CFPB Soliciting Comment on Often-Criticized HMDA Rule

The Consumer Financial Protection Bureau announced Tuesday it is soliciting comments on the agency’s Home Mortgage Disclosure Act rule—a controversial regulation often criticized by credit union trade groups.

“This evaluation will strengthen the CFPB’s ability to maintain a fair, competitive, and non-discriminatory mortgage market,” the CFPB said, in announcing the effort.

Comments are due 60 days after the request for comment is published in the Federal Register. It has not yet been published.

The CFPB said that the request for information follows an August 2021 HMDA report that, among other things, found that mortgage lenders more often deny credit and charge higher interest rates to Black and Hispanic applicants than they do for white applicants.

The CFPB said it wants to evaluate several aspects of the rule, including whether it has brought more transparency to the mortgage market, whether it has helped determine whether financial institutions are serving their communities and whether it has assisted in identifying possible discriminatory lending practices.

The CFPB said it also wants to measure the regulatory burden the rule places on financial institutions.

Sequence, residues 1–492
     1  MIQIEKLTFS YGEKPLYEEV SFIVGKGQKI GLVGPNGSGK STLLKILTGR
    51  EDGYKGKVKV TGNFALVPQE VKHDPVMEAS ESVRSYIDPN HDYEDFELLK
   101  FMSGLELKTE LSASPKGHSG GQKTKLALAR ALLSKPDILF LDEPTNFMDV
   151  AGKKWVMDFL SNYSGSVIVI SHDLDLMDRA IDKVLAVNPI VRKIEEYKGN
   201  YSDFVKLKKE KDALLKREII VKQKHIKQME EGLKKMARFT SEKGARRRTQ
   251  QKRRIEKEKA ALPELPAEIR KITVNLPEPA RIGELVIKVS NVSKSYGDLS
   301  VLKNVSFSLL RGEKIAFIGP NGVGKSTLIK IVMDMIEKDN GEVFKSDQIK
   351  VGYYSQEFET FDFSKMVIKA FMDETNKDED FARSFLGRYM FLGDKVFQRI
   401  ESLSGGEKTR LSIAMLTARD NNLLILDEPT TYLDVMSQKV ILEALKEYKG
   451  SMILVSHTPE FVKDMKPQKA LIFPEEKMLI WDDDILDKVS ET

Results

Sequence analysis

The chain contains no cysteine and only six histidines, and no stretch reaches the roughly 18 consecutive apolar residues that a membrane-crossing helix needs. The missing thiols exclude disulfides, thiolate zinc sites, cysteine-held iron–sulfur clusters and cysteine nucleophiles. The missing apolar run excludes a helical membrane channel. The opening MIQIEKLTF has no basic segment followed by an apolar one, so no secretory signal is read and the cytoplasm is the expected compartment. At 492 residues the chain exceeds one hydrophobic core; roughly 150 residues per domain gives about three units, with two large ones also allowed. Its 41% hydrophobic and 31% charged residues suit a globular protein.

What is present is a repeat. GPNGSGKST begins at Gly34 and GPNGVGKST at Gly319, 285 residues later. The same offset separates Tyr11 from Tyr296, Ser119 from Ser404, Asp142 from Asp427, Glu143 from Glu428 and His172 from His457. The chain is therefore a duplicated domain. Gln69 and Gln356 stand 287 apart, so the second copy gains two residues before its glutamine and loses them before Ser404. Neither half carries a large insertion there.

Effective July 1, 2020, financial institutions originating at least 100 closed-end mortgage loans in each of the two preceding calendar years had to report data to the CFPB.

Effective January 1, 2022, the 2020 HMDA Final Rule sets the open-end coverage threshold at 200 open-end lines of credit, meaning that financial institutions originating at least 200 open-end lines of credit in each of the two preceding calendar years must report such data.

Credit union trade groups have criticized the bureau for including credit unions in the rule without any evidence that those institutions are discriminating against mortgage applicants.

“In 2015, the CFPB chose to adopt a HMDA Final Rule that disproportionately burdened credit unions with finite resources despite no evidence of past wrongful conduct,” Credit Union National Association President/CEO Jim Nussle wrote in a letter to President Biden earlier this year, outlining the trade group’s priorities.

Nussle added that credit unions’ fields of membership may have an impact on where and to whom they may lend.

The National Association of Federally-Insured Credit Unions also has criticized the rule. In a letter to the House Financial Services Committee last month, Brad Thaler, the trade group’s vice president of legislative affairs, wrote that the CFPB should acknowledge that not all financial institutions operate the same way and should better-tailor the HMDA rule.

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